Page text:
“My brother Jimiere came here, and he was in Bates, so I thought all dorms were like that,” Jayden said, referring to the 54-year-old residence hall just to the north. “I really like the suite style, especially since each suite has its own bathroom and shower. Instead of having to wait for five or six people to get a shower, I don’t wait at all.”
For his USC alumni parents, Jayden’s campus digs are a far cry from their own freshman dorms. The Simpsonville native’s parents lived in the now-demolished Honeycombs as freshmen — mom, Latoya, moved into Baker in 1995; dad, Jim, lived in Snowden his freshman year. Latoya moved to Sims on the women’s quad sophomore year, and Jim moved to Capstone.
They remember their move-in experiences being vastly different. “I don’t remember having the help or the organization we had this year,” she said. “We pulled up, got our own stuff out and carried it up by ourselves.”
The living spaces were also different. “We had hall baths,” said Latoya. “We had to walk down the hall with our shower clothes on, and you didn’t forget your shower shoes. The amount of privacy is so different. But I think not having that privacy allowed us to meet more people on the hall. I felt like I knew everyone on the floor.”
Knowing his parents are alumni is part of the reason USC was at the top of Jayden’s list of colleges.
“I always wanted to come to Carolina,” he says. “This is a great school, the business school is a top school, and I knew I was going to major in a business field. And then knowing both my parents met here — this was my top choice, 100 percent.”
Parents: Bryan Horton and Kristy Horton, ’04
Kristy Horton moved her son Cale into Campus Village, just across the way from Bates House, the dorm she moved into as a freshman in 1996. The onetime education major couldn’t help but notice the contrast.
“It’s amazing. It’s state-of-the-art. Everything you could possibly need is there,” she said after moving her son into his new home. “I felt like we were at the Taj Mahal. It was so nice it blew my mind. The quality and the amenities. I was just amazed.”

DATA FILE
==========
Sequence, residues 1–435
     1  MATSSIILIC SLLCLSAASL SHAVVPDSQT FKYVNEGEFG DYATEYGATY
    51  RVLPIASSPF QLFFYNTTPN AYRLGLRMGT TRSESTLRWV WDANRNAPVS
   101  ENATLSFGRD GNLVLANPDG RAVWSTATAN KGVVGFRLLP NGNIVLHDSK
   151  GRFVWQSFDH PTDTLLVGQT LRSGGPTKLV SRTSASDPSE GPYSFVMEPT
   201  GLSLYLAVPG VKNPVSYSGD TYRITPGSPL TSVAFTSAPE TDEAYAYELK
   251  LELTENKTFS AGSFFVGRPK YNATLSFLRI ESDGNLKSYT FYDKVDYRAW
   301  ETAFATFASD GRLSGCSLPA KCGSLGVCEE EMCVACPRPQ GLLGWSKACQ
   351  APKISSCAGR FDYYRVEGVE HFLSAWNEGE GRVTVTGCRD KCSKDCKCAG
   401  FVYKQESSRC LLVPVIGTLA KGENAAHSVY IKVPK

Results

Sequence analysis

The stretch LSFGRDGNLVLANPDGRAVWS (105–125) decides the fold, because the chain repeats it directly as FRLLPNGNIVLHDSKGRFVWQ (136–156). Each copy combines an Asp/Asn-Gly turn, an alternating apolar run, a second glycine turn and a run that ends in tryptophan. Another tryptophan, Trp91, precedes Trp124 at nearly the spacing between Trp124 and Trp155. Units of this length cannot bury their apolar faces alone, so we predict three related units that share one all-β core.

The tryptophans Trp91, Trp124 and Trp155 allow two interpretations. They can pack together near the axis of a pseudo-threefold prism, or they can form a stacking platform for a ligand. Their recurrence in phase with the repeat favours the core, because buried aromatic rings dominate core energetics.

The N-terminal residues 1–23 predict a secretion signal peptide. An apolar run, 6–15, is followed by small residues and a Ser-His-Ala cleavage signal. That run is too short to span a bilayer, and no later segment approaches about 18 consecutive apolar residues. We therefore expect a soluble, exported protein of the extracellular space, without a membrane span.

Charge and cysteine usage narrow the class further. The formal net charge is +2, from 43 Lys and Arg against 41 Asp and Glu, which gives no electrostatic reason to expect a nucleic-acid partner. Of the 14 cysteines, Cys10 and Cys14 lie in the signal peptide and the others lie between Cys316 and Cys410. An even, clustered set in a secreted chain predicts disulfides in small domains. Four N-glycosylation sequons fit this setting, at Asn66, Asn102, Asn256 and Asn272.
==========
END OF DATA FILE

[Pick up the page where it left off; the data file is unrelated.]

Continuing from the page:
Cale, who is majoring in mechanical engineering, likes the location near his classes. He has also enjoyed other exciting aspects of student life. By early October, the soccer fan had already attended several games at Stone Stadium, across the street from Campus Village.
“I love where I’m living,” Cale said. “It’s perfect being beside the Swearingen building. And we can always say we’re the first ones to live here. We got lucky.”
But even though Kristy’s dorm had hall bathrooms and fewer amenities, the veteran elementary school math teacher from Lancaster remembers her time in Bates fondly. “I was excited,” she said. “I knew it wasn’t the best, but I was excited to be there.”
Parents: Jill Stauffer, ’96, and Mike Stauffer, ’90
Roommate: Jack Oliver
Zach Stauffer (foreground) and his roommate, Jack Oliver, applied to the Rhodos Fellows living and learning community located in Campus Village as a way to guarantee they could live in the new complex.
He hasn’t been disappointed.
“I like I’m living at one of the top three places on campus,” said Zach, an exercise science major from Chapin. “The building is brand-new, so nothing has been used. And, honestly, the location isn’t bad. I kind of enjoy walking to my classes.”
His mother, Jill, said the technology in the residence halls is much more advanced than when she arrived on campus. “They have a whole dining hall on the bottom floor,” she said of her son’s Campus Village building. “It’s pretty cool all the extras they have now. But I was kind of spoiled and conveniently located, so I can’t complain.”
Jill, who majored in elementary education, lived in Thornwell behind the Horseshoe her freshman year. Later, she moved to Harper, right on the Horseshoe.
“I know my son is a little further away, but I think he’s getting used to that. And I think they’re enjoying The Pavilion on the bottom floor for sure,” she said. “At Campus Village, it’s more like its own little community. He’s gotten to know friends from almost all the buildings and they can walk to class together and meet up and do other stuff. I think that’s pretty cool. Thornwell was pretty quiet.”